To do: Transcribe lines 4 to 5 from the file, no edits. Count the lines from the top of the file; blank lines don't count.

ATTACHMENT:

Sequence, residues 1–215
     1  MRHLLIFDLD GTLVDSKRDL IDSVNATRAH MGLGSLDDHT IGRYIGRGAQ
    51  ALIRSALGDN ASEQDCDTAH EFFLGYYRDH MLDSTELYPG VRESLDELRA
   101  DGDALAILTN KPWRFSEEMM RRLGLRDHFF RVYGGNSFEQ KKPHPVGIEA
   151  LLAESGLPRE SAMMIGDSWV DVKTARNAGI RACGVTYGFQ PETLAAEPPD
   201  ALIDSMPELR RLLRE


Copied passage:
   101  DGDALAILTN KPWRFSEEMM RRLGLRDHFF RVYGGNSFEQ KKPHPVGIEA
   151  LLAESGLPRE SAMMIGDSWV DVKTARNAGI RACGVTYGFQ PETLAAEPPD